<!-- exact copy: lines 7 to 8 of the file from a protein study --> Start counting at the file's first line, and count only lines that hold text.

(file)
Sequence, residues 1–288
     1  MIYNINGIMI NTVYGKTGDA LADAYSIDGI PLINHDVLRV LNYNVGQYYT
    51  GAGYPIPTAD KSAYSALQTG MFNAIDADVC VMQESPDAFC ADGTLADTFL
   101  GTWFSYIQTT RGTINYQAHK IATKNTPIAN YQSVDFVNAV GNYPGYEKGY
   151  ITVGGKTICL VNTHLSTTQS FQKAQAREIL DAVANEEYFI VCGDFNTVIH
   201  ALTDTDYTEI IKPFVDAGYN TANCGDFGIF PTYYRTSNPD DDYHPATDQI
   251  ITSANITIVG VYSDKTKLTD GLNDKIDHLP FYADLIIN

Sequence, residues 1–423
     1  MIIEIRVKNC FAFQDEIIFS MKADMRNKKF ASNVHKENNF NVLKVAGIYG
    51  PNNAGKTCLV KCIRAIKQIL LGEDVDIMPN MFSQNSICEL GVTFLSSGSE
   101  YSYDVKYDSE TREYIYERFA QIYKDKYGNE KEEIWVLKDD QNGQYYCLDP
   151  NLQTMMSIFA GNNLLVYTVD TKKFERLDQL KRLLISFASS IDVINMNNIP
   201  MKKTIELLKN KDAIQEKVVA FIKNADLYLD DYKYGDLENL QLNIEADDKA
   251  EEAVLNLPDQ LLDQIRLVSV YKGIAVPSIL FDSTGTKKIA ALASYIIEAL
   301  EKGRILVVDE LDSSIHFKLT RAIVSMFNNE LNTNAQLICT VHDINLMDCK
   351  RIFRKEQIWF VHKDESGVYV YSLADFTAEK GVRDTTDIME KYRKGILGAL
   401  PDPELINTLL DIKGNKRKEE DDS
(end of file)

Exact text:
   251  ITSANITIVG VYSDKTKLTD GLNDKIDHLP FYADLIIN

Sequence, residues 1–423